London - Copper prices dipped to a near 3-week low on Monday as signs of weak global growth dampened the demand outlook for industrial metals, with the focus on buying interest from top consumer China where investors are returning from a week-long holiday.
Benchmark three-month copper on the London Metal Exchange fell to $8,132 a tonne at 13:08 SA time, down 0.9 percent from a close of $8,207 on Friday. It earlier fell to an intraday low at $8,127.50, its lowest level since January 30.
Benchmark tin and nickel also touched 3-week intraday lows.
Copper hit a 4-month-peak of $8,346 in early February but has since struggled to gain traction. Traders hope that China's return to the market week could help set a floor under prices.
But worries about the outlook for the global economy, following last week's weak growth data in the euro zone and soft US manufacturing figures, and its impact on demand for industrial metals have put a cap on further gains.
“Sentiment is taking a bit of a knock from the investment flows that we have seen from Asia. The impression that we get is that investors in Asia are a bit more negative about growth prospects for the US and Europe and as a result are concerned about export demand,” said Gayle Berry, analyst at Barclays.
“And it is going to take a little while before we see whether or not some of the better economic data coming out of China translates into better metal demand.”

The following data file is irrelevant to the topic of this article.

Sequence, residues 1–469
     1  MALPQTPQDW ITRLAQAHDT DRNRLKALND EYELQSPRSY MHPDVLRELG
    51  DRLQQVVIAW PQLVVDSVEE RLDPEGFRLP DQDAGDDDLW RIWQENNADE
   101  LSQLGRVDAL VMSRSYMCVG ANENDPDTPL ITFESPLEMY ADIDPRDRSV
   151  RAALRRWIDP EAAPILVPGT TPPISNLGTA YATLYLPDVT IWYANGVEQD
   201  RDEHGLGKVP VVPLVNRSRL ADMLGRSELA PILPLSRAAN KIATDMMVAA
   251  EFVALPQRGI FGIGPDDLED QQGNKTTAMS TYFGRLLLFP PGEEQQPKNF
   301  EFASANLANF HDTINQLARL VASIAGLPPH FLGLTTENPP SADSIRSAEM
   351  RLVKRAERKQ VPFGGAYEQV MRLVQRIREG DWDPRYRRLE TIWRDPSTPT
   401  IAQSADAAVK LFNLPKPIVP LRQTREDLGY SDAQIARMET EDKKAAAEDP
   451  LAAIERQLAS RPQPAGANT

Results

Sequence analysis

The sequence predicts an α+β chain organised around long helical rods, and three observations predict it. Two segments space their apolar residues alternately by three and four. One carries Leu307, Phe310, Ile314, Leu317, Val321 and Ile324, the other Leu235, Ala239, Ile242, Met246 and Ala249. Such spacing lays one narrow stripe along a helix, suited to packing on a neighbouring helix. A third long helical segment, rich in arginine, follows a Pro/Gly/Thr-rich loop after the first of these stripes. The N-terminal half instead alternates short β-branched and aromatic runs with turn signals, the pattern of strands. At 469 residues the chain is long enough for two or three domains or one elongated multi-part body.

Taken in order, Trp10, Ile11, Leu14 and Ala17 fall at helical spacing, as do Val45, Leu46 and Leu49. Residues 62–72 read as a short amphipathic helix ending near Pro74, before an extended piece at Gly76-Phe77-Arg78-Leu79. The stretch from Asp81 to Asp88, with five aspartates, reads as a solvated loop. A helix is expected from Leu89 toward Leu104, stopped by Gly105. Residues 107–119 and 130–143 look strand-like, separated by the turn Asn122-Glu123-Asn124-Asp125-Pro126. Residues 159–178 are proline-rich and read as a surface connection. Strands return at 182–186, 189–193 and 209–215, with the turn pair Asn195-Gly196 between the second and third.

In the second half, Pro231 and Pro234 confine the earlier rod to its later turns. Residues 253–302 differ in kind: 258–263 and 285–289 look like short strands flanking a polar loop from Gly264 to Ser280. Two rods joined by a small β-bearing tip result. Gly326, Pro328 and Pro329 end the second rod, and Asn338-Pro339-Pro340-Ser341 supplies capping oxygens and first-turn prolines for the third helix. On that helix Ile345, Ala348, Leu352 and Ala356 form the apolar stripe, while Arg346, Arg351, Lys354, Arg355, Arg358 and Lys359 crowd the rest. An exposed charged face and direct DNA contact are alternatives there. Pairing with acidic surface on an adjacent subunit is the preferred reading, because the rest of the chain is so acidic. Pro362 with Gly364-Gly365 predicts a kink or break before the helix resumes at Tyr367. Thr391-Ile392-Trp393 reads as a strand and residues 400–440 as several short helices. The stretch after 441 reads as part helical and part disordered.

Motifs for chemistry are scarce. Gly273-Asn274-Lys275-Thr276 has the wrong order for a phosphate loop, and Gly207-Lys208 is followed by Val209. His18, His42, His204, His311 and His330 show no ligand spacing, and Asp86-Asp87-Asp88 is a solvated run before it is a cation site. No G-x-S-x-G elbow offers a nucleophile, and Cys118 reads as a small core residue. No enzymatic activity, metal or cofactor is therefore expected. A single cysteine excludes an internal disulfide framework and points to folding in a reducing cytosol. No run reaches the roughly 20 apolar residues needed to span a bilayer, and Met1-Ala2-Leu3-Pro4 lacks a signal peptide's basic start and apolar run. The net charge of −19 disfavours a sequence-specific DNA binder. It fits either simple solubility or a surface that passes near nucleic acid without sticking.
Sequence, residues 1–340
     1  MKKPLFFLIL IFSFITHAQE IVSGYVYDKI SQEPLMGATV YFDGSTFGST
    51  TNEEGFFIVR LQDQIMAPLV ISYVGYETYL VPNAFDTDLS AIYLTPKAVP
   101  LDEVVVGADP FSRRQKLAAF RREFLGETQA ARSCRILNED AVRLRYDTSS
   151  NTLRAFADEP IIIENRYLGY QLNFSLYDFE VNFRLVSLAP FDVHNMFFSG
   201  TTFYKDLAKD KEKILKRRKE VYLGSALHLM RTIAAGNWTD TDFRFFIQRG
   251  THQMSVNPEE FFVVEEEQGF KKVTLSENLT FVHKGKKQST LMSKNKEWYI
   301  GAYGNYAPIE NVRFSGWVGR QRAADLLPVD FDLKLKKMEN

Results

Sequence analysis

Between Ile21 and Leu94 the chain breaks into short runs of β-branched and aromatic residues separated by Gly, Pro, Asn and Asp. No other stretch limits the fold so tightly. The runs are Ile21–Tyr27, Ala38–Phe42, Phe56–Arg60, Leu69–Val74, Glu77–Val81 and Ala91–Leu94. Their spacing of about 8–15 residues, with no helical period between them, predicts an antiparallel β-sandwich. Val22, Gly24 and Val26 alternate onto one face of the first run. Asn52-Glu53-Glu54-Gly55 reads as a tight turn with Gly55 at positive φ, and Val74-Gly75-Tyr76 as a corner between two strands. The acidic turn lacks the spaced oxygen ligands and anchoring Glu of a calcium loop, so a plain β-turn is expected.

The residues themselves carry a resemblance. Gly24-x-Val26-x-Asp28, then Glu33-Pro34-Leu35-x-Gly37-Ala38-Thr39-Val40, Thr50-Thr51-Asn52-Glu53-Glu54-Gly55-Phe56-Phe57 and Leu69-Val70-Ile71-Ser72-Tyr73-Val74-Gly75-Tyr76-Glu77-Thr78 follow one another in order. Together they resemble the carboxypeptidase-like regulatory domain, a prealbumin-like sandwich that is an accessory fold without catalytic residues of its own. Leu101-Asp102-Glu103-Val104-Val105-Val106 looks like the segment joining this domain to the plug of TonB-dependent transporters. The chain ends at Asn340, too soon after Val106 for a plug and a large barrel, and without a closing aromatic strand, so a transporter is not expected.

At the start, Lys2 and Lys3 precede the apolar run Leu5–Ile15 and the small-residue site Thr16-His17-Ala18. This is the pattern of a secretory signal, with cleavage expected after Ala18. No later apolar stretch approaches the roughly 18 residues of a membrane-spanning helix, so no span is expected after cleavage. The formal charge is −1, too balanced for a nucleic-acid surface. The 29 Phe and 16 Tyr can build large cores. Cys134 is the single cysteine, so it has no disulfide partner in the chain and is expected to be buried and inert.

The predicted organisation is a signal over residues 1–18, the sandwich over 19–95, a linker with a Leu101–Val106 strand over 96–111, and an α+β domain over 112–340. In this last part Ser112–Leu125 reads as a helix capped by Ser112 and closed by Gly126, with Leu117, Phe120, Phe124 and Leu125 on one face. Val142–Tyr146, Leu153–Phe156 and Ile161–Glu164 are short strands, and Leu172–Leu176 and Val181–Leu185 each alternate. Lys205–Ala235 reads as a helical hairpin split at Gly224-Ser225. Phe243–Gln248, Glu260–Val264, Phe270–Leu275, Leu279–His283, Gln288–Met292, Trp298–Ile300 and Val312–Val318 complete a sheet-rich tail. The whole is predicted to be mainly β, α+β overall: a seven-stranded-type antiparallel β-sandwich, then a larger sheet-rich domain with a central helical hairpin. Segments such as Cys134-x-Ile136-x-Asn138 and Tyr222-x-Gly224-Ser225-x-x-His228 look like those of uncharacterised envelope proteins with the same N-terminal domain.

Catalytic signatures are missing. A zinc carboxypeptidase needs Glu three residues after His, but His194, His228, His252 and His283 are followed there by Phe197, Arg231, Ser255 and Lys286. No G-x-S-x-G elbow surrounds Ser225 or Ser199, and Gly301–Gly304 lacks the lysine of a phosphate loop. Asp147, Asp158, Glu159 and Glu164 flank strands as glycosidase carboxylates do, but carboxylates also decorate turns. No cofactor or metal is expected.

Gains in the dollar versus the euro also put pressure on metals prices. A strong dollar makes commodities priced in the US unit more expensive for holders of other currencies.
Over the weekend, the Group of 20 nations declared there would be no currency war and deferred plans to set new debt-cutting targets, underlining broad concern about the fragile state of the world economy.
All eyes are on any signs of a pick-up in demand from China, which accounts for 40 percent of global refined copper demand.
“China's overall economy is still strong, so the appetite for base metals after Chinese New Year will gradually pick up,” said Helen Lau, senior commodity analyst at UOB-Kay Hian in Hong Kong said.
“People should not view consolidation as the start of a weaker trend from here - instead we would recommend it as a chance to get in,” Lau said, adding that strong growth in the China's construction sector would underpin metals this year.
Traders painted a mixed demand picture for copper in China.
They reported purchases of the metal from bonded Shanghai inventories which are teetering near record highs above 1 million tonnes but also selling of copper futures and fresh shorts.
“Many Chinese were long or reluctant to short in pre-Lunar New Year trade as we've seen westerners pulling the market higher to squeeze Chinese shorts in last few years,” a Shanghai-based trader said.
“Now, bears are more confident to short on the almost unchanged price during the holiday,” he added.
Three-month tin slipped to $24,680 a tonne from Friday's close of $24,800, also having fallen to a near 3-week low in intraday trade at $24,625 a tonne.
Nickel was at $18,070 from $18,375, earlier falling to a near 3-week low at $17,950.
Three-month zinc fell to $2,164.50 a tonne from Friday's close of $2,175. It earlier fell to its lowest level in more than a week at $2,155.25.
Lead slipped to $2,418 from $2,433, while aluminium fell to $2,146.50 from a last bid of $2,167. - Reuters